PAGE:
How Not to Script HTML Form Validation
onsubmit= ‘return this.fname.value != “” && this.lname.value !=””‘>
First Name: <input type=”text” name=”fname”>
Last Name: <input type=”password” name=”lname”>
<input type=”submit” value=”Log In”>
If the user enters absolutely nothing into either fname or lname, the form’s onsubmit handler will return false and the form will not be submitted. The code successfully prevents submitting completely empty fields.
It does not however prevent the user from entering spaces into those fields. It is therefore not enough to test against the empty string “”.
The solution is to test against a “regular expression” object. For the uninitiated, “regex”’s, as they are also sometimes called, represent a pattern of characters. For the task at hand, we are going to use a very simple pattern: /\S/
The first thing to notice are the beginning and ending slashes. These simply signify that what’s between them is the expression, not unlike quotation marks signifying that they contain text.
So in the above example we can just switch the onsubmit event handler to the following, and it will not only reject completely empty fields, but also fields containing only whitespace, such as spaces:
|onsubmit=’return /\S/.test(this.fname.value) && /\S/.test(this.lname.value)’|
Substituting the above, now both name fields must contain some non-whitespace characters in order for the form to get submitted. Following the colorful parlance for AntiPatterns, the erroneous example on page 1 might be called the “Out of Sight Out of Mind” AntiPattern. Except that AntiPatterns typically describe a problem that is more systemic, rather than one that can be so readily rectified by correcting one line of code. For instance, failure — or refusal — to use a language feature such as Regular Expressions.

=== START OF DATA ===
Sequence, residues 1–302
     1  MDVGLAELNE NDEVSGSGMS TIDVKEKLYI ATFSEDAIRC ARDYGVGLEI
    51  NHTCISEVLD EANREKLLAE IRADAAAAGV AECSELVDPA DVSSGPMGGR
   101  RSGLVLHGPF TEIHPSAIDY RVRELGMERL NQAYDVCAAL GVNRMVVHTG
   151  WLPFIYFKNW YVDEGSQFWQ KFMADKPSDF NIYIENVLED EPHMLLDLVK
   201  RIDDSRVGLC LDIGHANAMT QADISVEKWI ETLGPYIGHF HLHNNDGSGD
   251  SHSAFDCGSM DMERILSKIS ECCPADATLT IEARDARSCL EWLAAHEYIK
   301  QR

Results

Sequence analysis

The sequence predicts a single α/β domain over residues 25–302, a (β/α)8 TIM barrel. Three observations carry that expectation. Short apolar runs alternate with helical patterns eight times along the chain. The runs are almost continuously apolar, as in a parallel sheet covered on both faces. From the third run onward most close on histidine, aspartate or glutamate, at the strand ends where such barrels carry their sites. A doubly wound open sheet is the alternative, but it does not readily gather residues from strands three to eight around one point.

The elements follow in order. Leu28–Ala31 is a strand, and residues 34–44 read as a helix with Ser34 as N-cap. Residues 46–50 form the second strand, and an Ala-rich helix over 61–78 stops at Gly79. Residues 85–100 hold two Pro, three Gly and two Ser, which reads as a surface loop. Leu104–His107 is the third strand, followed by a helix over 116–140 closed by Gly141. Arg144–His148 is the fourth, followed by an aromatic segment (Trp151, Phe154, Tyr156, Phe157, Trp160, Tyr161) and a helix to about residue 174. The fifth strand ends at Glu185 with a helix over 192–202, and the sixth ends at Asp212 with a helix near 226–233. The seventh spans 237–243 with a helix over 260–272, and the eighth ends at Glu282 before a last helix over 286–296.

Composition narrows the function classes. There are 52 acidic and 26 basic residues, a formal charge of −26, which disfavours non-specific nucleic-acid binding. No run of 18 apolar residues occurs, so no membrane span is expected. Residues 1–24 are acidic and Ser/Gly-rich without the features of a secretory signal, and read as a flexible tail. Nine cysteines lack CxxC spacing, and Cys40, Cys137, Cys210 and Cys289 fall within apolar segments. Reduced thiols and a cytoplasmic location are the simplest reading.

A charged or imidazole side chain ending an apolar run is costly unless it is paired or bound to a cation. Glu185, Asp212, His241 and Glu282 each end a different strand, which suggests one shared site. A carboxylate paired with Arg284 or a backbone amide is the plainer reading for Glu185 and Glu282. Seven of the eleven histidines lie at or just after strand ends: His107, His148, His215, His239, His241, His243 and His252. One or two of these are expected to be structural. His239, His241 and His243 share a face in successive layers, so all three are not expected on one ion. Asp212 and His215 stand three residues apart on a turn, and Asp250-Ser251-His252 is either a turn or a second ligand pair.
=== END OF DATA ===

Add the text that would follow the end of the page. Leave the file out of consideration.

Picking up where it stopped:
So, in our first example, “fname” would become “fname_req” , and “lname” would become “lname_req” . To begin with, though, this violates one of Arthur J Riel’s Object-Oriented Design Heuristics, particularly 3.5, which states in part: “In applications which consist of an object-oriented model interacting with a user interface, the model should never be dependent on the interface.”
The HTML comprises the user interface. Now substitute “data” for “model” above. Data is required to specify one field as required, and another as not required. But by appending “_req” to the name of an HTML form element, the data becomes dependent on the interface.
Rules are made to be broken, but not in this instance. Because, although requiring that form field names have “_req” be appended to them might work in the case of a new web application, what about an existing web application? It almost certainly consists in part of server-side form processing code that relies on pre-determined form field names. Adding “_req” to those field names will almost certainly cause existing server-side code to malfunction.